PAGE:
The market for electronic health records (EHRs) is an interesting one to watch. Government support of EHR implementation is on the rise thanks to stimulus funding; however adoption among hospitals and physicians remains low. A report by Hypatia Research Senior Analyst Sue Hildreth states that the key to attaining benefits from EHRs depends heavily on user adoption. Given the transformational nature of switching over from paper methods to electronic, getting employee buy-in isn't an easy task.
In a conversation with CRM magazine, Hildreth outlined the following roadblocks to EHR adoption:
- physician reluctance,
- constricted budgets,
- confusion surrounding the stimulus package requirements,
- lack of internal expertise, and
- cultural changes.
Hildreth references a 2009 New England Journal of Medicine survey indicating that close to 4 percent of physicians have a fully functional EHR system. About 13 percent of physicians' offices have a basic EHR system in the works. Many organizations, Hildreth says, currently have bits and pieces of EHR, but not the full thing.
Full-scale implementations can mostly be found in large hospitals -- those with more resources to dedicate to technology investments. Smaller-scale facilities may not have the bandwidth to spend a lot of time on EHR conversion, the analyst says. Although there are exceptions with smaller hospitals taking the lead in getting EHR implemented, making the switch is costly for healthcare companies -- both in terms of hard costs and soft costs.
"Physician adoption is a critical make-or-break aspect," Hildreth says. If physicians are supportive of EHRs, then it tends to be successful and get adopted widely across the organization. If physicians aren't behind the EHR implementations from the start, it's extremely difficult to get them to use it, Hildreth says.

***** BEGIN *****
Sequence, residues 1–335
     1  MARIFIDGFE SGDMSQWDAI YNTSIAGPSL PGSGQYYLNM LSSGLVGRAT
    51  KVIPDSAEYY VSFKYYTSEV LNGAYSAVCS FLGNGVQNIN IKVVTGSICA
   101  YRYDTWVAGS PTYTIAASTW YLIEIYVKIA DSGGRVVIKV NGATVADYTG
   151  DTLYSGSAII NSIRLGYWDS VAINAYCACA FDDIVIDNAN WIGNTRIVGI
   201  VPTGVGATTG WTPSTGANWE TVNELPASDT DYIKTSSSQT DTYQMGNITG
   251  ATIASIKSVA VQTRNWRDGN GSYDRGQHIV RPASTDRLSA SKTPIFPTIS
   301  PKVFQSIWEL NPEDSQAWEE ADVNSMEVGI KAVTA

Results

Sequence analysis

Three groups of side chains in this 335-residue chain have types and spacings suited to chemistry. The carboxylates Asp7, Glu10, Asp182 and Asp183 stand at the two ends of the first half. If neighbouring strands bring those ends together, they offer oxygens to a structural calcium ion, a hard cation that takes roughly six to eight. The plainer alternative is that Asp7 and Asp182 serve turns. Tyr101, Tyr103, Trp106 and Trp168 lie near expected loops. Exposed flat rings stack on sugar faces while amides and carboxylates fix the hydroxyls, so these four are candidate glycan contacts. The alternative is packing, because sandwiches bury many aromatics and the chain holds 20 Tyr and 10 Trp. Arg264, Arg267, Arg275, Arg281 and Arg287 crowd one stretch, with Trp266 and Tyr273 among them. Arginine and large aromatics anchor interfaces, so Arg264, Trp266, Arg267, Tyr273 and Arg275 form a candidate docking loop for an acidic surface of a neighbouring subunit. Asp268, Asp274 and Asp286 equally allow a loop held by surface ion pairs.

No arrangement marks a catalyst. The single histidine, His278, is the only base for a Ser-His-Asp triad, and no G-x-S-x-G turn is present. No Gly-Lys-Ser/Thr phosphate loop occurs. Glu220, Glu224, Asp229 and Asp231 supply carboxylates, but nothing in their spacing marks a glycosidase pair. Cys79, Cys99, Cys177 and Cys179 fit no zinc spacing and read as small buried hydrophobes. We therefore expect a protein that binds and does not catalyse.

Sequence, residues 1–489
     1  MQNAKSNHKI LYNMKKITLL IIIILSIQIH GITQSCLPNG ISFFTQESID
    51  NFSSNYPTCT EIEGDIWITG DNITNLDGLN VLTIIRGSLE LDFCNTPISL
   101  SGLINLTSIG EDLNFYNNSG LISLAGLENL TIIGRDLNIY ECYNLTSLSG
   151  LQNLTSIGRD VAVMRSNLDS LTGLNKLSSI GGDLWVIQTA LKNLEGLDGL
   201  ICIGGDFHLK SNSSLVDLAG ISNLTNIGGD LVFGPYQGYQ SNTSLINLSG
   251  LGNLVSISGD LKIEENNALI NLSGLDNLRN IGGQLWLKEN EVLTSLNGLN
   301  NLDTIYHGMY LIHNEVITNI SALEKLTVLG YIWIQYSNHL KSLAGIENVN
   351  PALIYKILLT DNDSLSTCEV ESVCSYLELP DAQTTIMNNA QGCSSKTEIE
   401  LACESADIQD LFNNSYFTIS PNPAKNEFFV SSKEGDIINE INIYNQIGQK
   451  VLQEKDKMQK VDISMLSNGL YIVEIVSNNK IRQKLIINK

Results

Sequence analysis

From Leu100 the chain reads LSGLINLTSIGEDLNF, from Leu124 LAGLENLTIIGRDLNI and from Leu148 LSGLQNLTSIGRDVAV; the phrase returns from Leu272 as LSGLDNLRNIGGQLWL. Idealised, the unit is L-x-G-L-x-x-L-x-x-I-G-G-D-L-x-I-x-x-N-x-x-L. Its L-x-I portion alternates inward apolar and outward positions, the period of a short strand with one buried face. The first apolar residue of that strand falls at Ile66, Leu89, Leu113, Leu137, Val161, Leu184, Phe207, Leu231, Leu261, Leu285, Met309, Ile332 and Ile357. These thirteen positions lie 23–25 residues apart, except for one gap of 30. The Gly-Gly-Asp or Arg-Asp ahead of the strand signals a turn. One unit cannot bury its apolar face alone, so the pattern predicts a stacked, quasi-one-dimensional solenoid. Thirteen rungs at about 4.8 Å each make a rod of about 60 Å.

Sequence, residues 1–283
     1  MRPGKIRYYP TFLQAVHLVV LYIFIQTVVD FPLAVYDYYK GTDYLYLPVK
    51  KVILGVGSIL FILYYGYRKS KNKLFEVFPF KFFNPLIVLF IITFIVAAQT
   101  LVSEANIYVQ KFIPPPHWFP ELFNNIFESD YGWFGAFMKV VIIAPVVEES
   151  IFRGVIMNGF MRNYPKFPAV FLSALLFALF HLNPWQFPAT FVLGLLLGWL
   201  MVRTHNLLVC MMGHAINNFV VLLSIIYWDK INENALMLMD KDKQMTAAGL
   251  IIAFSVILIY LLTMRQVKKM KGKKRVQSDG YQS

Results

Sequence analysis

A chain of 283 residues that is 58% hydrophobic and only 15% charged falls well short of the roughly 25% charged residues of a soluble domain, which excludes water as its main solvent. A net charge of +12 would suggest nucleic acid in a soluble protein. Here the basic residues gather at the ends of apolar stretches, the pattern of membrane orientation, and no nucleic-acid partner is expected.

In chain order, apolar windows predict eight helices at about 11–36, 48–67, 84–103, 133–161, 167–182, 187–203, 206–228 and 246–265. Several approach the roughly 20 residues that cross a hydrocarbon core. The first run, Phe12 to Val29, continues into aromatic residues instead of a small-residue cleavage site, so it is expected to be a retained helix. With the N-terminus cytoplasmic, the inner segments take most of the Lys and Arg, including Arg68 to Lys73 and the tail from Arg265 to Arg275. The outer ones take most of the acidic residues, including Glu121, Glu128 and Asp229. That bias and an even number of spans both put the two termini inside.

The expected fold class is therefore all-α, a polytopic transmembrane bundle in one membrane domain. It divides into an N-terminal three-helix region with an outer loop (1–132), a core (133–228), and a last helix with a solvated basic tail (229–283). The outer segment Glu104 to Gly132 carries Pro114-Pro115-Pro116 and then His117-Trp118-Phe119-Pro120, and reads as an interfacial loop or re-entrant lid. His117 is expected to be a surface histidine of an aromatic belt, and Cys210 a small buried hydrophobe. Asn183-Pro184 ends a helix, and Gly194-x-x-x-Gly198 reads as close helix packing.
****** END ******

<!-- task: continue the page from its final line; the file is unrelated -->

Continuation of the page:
There are anywhere from 300 packages out there that calls themselves EMR or EHR. The solutions vary from electronic chart packages to full-fledge platforms that integrate patient charts and specialty departments. With EHR implementations, integration is often the name of the game. A lot of times you see healthcare organizations hiring an outside consultant or systems integrator in order to make the pieces fit and get an EHR system up and running. "Most hospitals don't have the expertise in EHR to handle it well," Hildreth says. "The IT department is busy keeping up maintenance and worrying about the existing systems."
Each hospital has differentiated needs for EHR, Hildreth notes. Adoption is often piece-part, she adds. Oftentimes healthcare providers will start in one area, say the emergency room, and begin the conversion of paper records to electronic.
A major point of confusion, Hildreth notes, surrounds the requirements of the stimulus package and what exactly healthcare companies have to do to get the money. "There's some pessimism of whether they will get the money and see reimbursements or not," she says. Additionally, many healthcare providers lack the internal expertise to adequately evaluate EHR.
"Going from paper to electronic can be a huge cultural change," Hildreth says. Doctors and nurses are used to documenting everything on clip boards. When migrating to EHR healthcare workers are replacing paper with computer screens and electronic tablets. The learning curve can be extensive. There's also an issue of inputting the right data. Everything must be included with in standardized data fields.
Establishing the resulting benefits from EHR implementations is an area of contention, Hildreth says. Since the resources required to implement are intensive, the ROI isn't as clear. However, Hildreth points out specific cases in which hospitals completely eradicated costs in the areas of radiology film and transcription. Also the sheer labor costs involving chart filing can be eliminated. Billing also can become much more accurate with the proper use of EHR.
Patient safety is a big area of potential benefit. Many EHR solutions include decision support and alerts as a feature. The capability, for instance, will flag a doctor if they are prescribing something incorrect to a patient.
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